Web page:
A Turkish court in Istanbul on Thursday sentenced Die Welt journalist Deniz Yücel to two years and nine months in prison in a case that massively strained ties between Ankara and Berlin.
Yücel, who currently lives in Germany and did not attend the more than two-year-long trial, was convicted by the court of "incitement to hatred" and producing "terror propaganda" in the articles he wrote for the German newspaper as Turkey correspondent.
Among other things, Yücel, who has both German and Turkish citizenship, was accused of spreading propaganda for the Kurdistan People's Party (PKK) — a group that is outlawed in Turkey.
Yücel's lawyer said he will appeal the decision.
The Turkish government had also accused Yücel of having contact with Islamic cleric Fethullah Gulen, whom Ankara accuses of being behind the coup attempt.
Read more: Who is Deniz Yücel — and why is the German-Turkish journalist still on trial?
The Turkish court also said it would pursue two new criminal investigations into Yücel for alleged insults to Turkey and President Recep Tayyip Erdogan.
Arrest amid crackdown
Yücel spent one year in prison in Turkey, including in solitary confinement, without being charged after being arrested there on February 14, 2017. His arrest and imprisonment triggered a diplomatic crisis between Berlin and Ankara before his release and return to Germany.
His arrest took place as part of a massive crackdown on suspected dissidents in the wake of a failed coup on July 16, 2016. Critics of Erdogan have said the president has used the coup attempt as a pretext for getting rid of unwanted opponents, including many journalists, human rights activists and lawyers.
The Committee to Protect Journalists has called Turkey one of the world's top jailers of journalists.
'Blow to press freedom'
DW's Istanbul correspondent, Julia Hahn, on Thursday said after the court's decision: "This verdict is another blow to press freedom here in Turkey."
"The interesting thing is that this trial kept going despite the fact that Turkey’s Constitutional Court last summer ruled that Yücel’s detention was unlawful — that his rights, his personal freedom and freedom of the press, had been violated," said Hahn.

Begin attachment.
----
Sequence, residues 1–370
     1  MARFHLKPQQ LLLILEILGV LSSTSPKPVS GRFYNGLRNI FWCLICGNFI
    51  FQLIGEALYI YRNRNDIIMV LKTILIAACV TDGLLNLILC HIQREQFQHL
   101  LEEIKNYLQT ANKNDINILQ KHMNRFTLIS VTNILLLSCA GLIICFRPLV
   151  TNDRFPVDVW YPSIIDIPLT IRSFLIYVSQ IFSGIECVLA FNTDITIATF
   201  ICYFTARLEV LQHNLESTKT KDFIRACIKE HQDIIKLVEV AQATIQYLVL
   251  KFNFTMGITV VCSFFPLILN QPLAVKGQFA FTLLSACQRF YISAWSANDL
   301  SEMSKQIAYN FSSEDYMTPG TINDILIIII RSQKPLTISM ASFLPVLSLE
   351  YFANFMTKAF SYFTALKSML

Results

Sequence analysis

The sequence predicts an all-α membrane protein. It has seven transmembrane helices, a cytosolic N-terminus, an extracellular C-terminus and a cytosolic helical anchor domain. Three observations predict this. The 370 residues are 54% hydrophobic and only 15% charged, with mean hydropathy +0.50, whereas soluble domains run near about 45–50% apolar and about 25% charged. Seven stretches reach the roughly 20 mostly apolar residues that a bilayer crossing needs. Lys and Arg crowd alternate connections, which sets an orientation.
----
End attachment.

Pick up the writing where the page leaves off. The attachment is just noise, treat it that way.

"This whole case had been highly politicized from the very beginning ... President Erdogan was personally involved, publically calling Yücel a 'terrorist and an agent.' So Yücel’s own interpretation now is that this is a political verdict and that the judges were trying to avoid embarrassing President Erdogan," she added.
After the sentence was unveiled Thursday, Yücel shared his reaction in a Die Welt article titled "I regret nothing."
"This is a political verdict, just as the whole story of my arrest was politically motivated,'' he wrote.
"The fact that the judges have decided to expose the Constitutional Court rather than the Republic's president, that they have even dared to criminalize the inviolable defense of the accused, shows once again what the rule of law is like in this country: Pathetic."
"This verdict from a judicial system that has been degraded into the henchmen of the executive (branch), to lawbreakers in judges' robes, does not change what I knew from the moment of my arrest: I was arrested because I was doing my job as a journalist," wrote Yücel.
"I have no regrets about that. And sooner or later a court will also establish that."